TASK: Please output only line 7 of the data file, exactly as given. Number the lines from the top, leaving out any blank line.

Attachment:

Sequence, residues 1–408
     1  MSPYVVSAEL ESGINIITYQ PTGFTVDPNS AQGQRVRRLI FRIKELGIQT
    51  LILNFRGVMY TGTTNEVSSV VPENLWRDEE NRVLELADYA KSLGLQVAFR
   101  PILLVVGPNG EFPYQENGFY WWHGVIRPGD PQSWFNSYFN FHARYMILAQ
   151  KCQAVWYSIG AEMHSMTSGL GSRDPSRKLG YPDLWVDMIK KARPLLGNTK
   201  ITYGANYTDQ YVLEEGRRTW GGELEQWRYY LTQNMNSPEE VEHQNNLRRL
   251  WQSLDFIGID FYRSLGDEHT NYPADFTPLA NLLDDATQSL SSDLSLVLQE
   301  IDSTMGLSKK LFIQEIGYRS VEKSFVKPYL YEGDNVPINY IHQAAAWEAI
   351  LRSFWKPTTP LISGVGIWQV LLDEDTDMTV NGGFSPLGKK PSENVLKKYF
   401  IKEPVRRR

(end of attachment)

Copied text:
   251  WQSLDFIGID FYRSLGDEHT NYPADFTPLA NLLDDATQSL SSDLSLVLQE